At about 1am on 20 January 2017, KSO served an affidavit of Mr Koh, setting out KSO’s reasons for holding the rally, the significance of the time and location, the crowd control measures taken by KSO such as employing volunteer marshalls, and the efforts made by KSO to address the police concerns such as offering to move the time forward by several hours.

Findings of Lindsay J 

After a brief hearing on the morning of 20 January 2017, Lindsay J gave an ex tempore judgment granting the Commissioner’s application. His Honour found (at [3]), based on a line of authority regarding Part 4 of the SO Act, that the effect of an order under section 25(1) of the SO Act ‘is not, of itself, to prohibit an assembly, but to deny to participants the qualified protection from criminal prosecution’ under section 24. His Honour also quoted (at [10]-[13]) passages from NSW Commissioner v Bainbridge (2007) 175 ACrimR 226 suggesting that the purpose of Part 4 of the SO Act is to balance the right of freedom of assembly and freedom of expression with ‘the need to regulate the exercise of that right where it is necessary to do so to avoid injury to persons or property or otherwise unduly to interfere with the undertaking by other citizens of lawful conduct.’

His Honour noted (at [8]) that KSO had endeavoured to cater for the orderly conduct of the event by arranging volunteer marshals and the attendance of an ambulance service, but that they had not made comprehensive measures for the control of traffic and pedestrians, and they did not have insurance in case of misadventure. On that basis, his Honour concluded (at [14]) that it was not appropriate for the event to be protected under section 24 of the SO Act because ‘[t]he logistical problems of the event are too large, and too unknown, to deny to police officers powers that might reasonably be required … to be exercised in management of the large number of people expected to participate’. It follows that his Honour’s judgment is one of the ‘rare case[s] in which a prohibiting order is not based upon the likelihood of breaches of the peace or of offences being committed if the assembly or procession takes place’ (Commissioner of Police (NSW) v Allen (1984) 14 ACrimR 244 at 250 (‘Allen’)).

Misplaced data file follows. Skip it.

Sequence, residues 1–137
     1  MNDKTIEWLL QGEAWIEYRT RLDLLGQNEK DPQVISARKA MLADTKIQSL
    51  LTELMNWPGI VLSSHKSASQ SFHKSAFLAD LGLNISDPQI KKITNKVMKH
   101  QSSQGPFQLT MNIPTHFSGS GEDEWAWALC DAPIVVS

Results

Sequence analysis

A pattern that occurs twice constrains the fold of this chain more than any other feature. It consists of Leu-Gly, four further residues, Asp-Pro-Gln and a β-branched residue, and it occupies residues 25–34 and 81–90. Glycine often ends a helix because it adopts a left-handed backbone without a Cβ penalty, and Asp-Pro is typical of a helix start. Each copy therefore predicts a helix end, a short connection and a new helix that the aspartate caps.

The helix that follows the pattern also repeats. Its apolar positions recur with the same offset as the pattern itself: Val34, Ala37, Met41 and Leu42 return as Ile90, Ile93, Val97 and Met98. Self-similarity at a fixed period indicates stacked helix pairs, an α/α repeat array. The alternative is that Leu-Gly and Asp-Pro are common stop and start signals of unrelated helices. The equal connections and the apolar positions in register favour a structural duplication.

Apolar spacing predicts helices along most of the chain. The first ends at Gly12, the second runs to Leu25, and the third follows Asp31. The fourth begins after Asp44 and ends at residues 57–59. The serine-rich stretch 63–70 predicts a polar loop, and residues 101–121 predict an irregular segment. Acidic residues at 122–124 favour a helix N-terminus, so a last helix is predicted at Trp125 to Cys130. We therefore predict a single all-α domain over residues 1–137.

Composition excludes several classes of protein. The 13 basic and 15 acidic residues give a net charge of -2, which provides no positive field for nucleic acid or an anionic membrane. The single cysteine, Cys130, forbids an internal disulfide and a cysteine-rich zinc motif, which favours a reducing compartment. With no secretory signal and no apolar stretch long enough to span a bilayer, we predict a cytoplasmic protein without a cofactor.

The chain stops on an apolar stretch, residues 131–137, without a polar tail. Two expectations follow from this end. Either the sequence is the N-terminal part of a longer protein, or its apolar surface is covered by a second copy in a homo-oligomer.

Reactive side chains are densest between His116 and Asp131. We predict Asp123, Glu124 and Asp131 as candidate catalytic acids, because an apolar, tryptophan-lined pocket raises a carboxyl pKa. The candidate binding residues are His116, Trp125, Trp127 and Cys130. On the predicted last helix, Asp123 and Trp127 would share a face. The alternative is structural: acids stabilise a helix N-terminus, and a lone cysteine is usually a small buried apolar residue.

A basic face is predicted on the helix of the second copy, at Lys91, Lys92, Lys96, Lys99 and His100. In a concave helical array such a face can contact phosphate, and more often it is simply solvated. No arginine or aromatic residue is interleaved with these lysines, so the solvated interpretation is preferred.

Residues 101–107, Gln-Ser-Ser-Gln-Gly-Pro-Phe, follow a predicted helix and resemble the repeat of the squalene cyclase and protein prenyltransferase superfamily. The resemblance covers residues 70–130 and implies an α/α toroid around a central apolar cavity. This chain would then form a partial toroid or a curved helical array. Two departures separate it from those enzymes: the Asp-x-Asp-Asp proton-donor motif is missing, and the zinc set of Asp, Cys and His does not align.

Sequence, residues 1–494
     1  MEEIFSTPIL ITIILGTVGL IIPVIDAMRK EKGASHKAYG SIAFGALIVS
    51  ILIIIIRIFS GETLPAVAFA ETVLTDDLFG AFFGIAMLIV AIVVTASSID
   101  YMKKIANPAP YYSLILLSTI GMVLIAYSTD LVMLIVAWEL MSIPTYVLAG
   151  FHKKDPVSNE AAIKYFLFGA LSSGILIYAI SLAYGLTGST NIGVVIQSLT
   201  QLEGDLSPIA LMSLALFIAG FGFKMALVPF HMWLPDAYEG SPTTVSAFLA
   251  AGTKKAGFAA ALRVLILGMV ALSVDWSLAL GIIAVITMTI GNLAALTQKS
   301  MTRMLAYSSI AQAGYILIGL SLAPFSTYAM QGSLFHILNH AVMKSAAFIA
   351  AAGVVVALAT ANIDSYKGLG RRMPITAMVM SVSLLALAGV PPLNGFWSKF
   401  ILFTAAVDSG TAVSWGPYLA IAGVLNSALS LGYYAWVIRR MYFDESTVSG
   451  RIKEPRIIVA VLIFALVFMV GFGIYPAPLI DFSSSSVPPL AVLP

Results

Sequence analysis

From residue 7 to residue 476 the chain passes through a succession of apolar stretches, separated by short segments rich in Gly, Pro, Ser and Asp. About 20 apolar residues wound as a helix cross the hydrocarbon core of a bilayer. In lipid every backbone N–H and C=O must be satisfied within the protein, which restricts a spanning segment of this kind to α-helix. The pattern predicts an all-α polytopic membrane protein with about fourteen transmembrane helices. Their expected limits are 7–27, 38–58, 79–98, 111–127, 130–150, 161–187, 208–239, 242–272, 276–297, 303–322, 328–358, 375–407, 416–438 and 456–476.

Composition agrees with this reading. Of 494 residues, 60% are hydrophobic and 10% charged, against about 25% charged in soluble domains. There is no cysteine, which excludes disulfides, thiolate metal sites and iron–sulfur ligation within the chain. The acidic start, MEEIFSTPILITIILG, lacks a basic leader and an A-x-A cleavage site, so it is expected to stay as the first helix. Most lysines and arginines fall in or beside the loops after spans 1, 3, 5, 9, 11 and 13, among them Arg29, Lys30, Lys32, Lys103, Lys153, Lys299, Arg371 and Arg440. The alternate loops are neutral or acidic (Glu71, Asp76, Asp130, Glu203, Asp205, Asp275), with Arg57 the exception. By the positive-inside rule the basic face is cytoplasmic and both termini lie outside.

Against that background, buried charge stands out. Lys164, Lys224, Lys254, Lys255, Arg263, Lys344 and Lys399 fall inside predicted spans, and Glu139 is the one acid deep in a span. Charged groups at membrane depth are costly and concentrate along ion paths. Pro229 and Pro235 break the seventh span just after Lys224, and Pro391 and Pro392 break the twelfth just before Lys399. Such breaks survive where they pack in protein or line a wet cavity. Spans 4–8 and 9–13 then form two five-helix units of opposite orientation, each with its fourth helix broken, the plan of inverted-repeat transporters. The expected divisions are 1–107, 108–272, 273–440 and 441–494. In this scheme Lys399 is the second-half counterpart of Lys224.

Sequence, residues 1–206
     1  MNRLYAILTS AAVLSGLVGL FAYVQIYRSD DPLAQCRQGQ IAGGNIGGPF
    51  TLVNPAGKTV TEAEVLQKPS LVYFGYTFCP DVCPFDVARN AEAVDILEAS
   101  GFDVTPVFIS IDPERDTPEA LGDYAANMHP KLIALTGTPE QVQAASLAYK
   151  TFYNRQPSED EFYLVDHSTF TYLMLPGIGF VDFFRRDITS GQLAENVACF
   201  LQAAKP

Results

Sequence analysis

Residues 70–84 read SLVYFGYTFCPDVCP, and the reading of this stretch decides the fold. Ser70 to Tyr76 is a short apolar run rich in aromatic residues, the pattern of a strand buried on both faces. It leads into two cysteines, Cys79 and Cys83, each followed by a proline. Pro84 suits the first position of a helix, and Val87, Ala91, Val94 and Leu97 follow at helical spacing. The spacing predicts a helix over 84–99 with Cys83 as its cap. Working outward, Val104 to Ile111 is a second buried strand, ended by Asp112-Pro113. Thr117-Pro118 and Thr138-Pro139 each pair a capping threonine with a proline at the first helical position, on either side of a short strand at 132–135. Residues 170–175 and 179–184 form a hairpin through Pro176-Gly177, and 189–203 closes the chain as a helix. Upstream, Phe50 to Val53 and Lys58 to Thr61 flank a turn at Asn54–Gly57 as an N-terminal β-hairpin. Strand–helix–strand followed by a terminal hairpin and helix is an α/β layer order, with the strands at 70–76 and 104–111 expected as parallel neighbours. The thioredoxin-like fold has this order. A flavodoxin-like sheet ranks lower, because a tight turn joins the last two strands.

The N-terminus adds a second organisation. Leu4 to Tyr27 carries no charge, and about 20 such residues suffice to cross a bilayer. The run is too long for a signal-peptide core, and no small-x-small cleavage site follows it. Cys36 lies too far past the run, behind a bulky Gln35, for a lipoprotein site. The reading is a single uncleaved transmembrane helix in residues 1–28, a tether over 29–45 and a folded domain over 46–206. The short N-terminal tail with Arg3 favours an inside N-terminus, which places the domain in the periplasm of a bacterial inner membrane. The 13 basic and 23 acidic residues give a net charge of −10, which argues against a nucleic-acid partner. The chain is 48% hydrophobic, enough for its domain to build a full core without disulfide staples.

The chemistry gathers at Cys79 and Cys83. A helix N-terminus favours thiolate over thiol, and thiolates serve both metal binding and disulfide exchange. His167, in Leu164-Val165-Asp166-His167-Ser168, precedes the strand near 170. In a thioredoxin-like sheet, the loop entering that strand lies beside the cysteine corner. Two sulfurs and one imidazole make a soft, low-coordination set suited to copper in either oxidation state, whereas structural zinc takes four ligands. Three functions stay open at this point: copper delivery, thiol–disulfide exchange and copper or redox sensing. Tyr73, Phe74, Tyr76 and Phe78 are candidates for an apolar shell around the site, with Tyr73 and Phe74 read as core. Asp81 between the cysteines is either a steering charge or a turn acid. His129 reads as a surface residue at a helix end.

His Honour therefore ordered that the holding of the public assembly be prohibited.

Implications of the case 

Part 4 of the SO Act is designed to protect the ‘right, jealously guarded, of the citizen to exercise freedom of speech and assembly integral to a democratic system of government’, balanced against ‘the right of other citizens not to have their own activities impeded or obstructed or curtailed by the exercise of those rights’ (Commissioner of Police v Rintoul [2003] NSWSC 662 at [5]). It establishes a regime permitting public assemblies to be held without fear of prosecution. The KSO case reveals two particular weaknesses in the current statutory framework, both of which can arguably be resolved through relatively straightforward reforms.

Procedural unfairness

Due to the obvious time constraints, Lindsay J’s judgment in the KSO case was necessarily brief. This article has set out certain matters, including the nature of the evidence that was filed and the time at which it was filed, which were not referred to in his Honour’s judgment, to illustrate the procedural unfairness to which the organiser of a rally can arguably be subjected in a section 25(1) application.